The match that lasted a lifetime

Burnley 2, Orient 1 May 1987

NOT even the scenes following Burnley's First Division Championship triumph 25 years ago could match those at Turf Moor on Saturday when, after 90 minutes which seemed more like 900, Clarets finally avoided the threat of losing their Football League status.

An afternoon of unbelievable tension began with the police asking referee George Courtney to bring the players off the pitch from their pre-match warm-up to delay the kick-off 15 minutes to allow thousands still outside the ground to get in.

And when the match finally started at 3-15 p.m. there were 15,781 fans inside, the largest attendance at a Burnley league game for five years since they won the Third Division Championship.


With Orient also needing to win - but for a far happier reason than Clarets - the match began at a furious tempo with both sides having a goalscoring effort cleared off the respective goal-lines in the opening two minutes.

It was the Burnley fans' turn first to hold their breaths as a header from Orient 's Terry Howard got past goalkeeper Joe Neenan only to be headed off the line by Peter Leebrook.

And as play swept to the other end, Clarets won a corner through Ian Britton. When this was sent over from the right, Joe Gallagher got above the visitors' defence to power in a header which full back Kevin Hales booted off the line with goalkeeper David Cass beaten.

That was the pattern to be followed with Gallagher lunging at a cross from Leighton James and failing to connect by inches as the ball even then almost found the far corner of the net.

Neenan needed his full height and then his finger tips to prevent a cross from Kevin Godfrey finding the lurking Chris Jones while in an immediate counter-attack by Clarets Phil Malley met Billy Rodaway's cross to send a flashing header inches over the bar.

James almost caught Cass napping with a clever over head kick following Gallagher's header from a free-kick by Peter Hampton before Gallagher, back in his own position as central defender, came so very close to giving Orient the vital first goal.

His headed back pass to Neenan went sadly wrong, Godfrey pounced and only a desperate lunge by Ray Deakin averted disaster but not before the ball had screwed off his foot and shaved the angle of post and cross bar.

Malley went desperately close from Neil Grewcock's pass, John Cornwell was just as near to breaking the deadlock following a right-wing raid and then, in injury time in the first half, the ground erupted.

Britton made the break down the right, found GREWCOCK who cut inside and then from 20 yards, sent a left-foot drive just inside the far post past the diving but well-beaten Cass.

With news coming through that Swansea were beating Lincoln, Clarets seemed to have won their own battle three minutes into the second half when Grewcock's perfect free-kick was headed home by BRITTON, the smallest player on the pitch.

But if the delirious Burnley fans thought that was it - and they obviously did - they were in for another half-hour of nerve-jarring tension as Orient became more and more dangerous and Burnley's efforts began to show on some ageing and even younger legs in the side.

We had seen it before this season - Clarets ahead and counting the points but then failing dismally to get any at all.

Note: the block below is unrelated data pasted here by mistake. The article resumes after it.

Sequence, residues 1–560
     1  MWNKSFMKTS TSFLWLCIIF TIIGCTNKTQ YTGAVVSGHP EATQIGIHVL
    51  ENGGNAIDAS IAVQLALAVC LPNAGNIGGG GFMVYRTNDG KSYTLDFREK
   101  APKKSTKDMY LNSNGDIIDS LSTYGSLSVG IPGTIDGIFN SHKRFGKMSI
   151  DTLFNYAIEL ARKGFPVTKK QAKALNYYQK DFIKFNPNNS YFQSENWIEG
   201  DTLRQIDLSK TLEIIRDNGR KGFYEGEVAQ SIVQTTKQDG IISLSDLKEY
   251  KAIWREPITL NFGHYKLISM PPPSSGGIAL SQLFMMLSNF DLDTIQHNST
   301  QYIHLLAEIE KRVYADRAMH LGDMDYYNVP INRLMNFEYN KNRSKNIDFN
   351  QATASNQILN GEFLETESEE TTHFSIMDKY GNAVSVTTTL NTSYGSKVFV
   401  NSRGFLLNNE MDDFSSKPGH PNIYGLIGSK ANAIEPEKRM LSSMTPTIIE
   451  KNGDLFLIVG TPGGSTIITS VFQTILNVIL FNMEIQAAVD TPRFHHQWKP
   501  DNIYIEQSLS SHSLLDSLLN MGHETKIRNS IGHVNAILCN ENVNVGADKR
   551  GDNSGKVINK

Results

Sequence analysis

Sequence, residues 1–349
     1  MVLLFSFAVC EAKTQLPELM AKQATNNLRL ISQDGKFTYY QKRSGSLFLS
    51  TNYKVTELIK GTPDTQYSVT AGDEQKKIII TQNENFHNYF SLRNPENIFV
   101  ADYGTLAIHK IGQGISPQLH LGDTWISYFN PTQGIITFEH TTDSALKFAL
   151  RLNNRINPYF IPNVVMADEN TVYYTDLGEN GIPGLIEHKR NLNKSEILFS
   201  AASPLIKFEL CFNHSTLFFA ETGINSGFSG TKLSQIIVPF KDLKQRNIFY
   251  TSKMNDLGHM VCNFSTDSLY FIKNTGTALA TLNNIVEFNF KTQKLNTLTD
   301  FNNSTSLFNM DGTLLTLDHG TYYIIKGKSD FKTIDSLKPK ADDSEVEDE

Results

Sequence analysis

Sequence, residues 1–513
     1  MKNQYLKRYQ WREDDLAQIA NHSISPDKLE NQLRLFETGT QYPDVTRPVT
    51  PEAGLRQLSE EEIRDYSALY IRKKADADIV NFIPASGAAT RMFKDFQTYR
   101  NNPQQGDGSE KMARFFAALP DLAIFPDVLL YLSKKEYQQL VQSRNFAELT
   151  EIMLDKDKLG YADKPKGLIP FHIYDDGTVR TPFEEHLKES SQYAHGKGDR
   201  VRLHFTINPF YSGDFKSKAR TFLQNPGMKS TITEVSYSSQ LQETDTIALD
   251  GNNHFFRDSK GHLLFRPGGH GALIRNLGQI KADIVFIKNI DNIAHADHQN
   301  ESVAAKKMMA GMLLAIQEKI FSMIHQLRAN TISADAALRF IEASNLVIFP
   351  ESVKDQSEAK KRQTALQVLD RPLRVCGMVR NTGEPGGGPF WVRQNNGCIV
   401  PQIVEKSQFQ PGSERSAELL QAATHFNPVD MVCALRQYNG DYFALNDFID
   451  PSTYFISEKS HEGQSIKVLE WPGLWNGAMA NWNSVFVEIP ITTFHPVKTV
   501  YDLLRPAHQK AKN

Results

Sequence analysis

And when Neenan came out to punch away a right-wing cross and only succeeded in giving it to ALLAN COMFORT, the tricky Orient winger volleyed into the roof of the net after 56 minutes and the fight for survival became even more intense.

Britton could have eased the tension after 65 minutes when he swept a cross from Phil Devaney just wide instead of into the corner of the net but it remained with Clarets having to defend desperately.

Every catch by Neenan was greeted with tumultuous applause, every desperate tackle by a Burnley player produced roars of approval.

Hearts missed a beat or two as Malley hurled himself to block a goalbound effort from Cornwell and Neenan dropped on a shot from the rebound by the dangerous and gifted Orient star Shaun Brooks.

The crowd willed the ball away from Burnley's half and into Orient's and Grewcock hit a post as the minutes ticked away, ever so slowly it appeared to the Burnley fans.

And within seconds of Mr Courtney signalling it was all over, Burnley players disappeared under a sea of fans who invaded the pitch.

They danced a conga, the respective fans finally applauded each other and Clarets reached the dressing room with only two shirts intact - those of Deakin and Leebrook.

Skipper Deakin won the Man-of-the-Match award from sponsors Gilbraith Commercials and it was presented to him by former Burnley star Alex Elder who said: "He led by example and experience".

But after so many disappointments this season, all 11 Burnley players were acclaimed as heroes with the least experienced, 18-year-old Devaney, having run himself to a standstill.

Hardly known by the Burnley fans six weeks ago, he has been pitched into the deep end, grasped the chance brilliantly and is one Burnley player who will probably look back in years to come and remember the season as a happy one.

Some others won't and neither will the fans, certainly not the 2,000 or so regular loyalists who will now rightfully demand:


Burnley: Neenan, Leebrook, Hampton, Rodaway, Gallagher, Deakin, Grewcock, Malley, James, Devaney, Britton. Sub: Hoskin (not used).

Orient: Cass, Cunningham, Hales, Smalley, Howard, Cornwell, Hughton, Brooks, Jones, Godfrey, Comfort. Sub: Castle (not used).

Referee: George Courtney, of Spennymoor.

Official attendance: 15,781.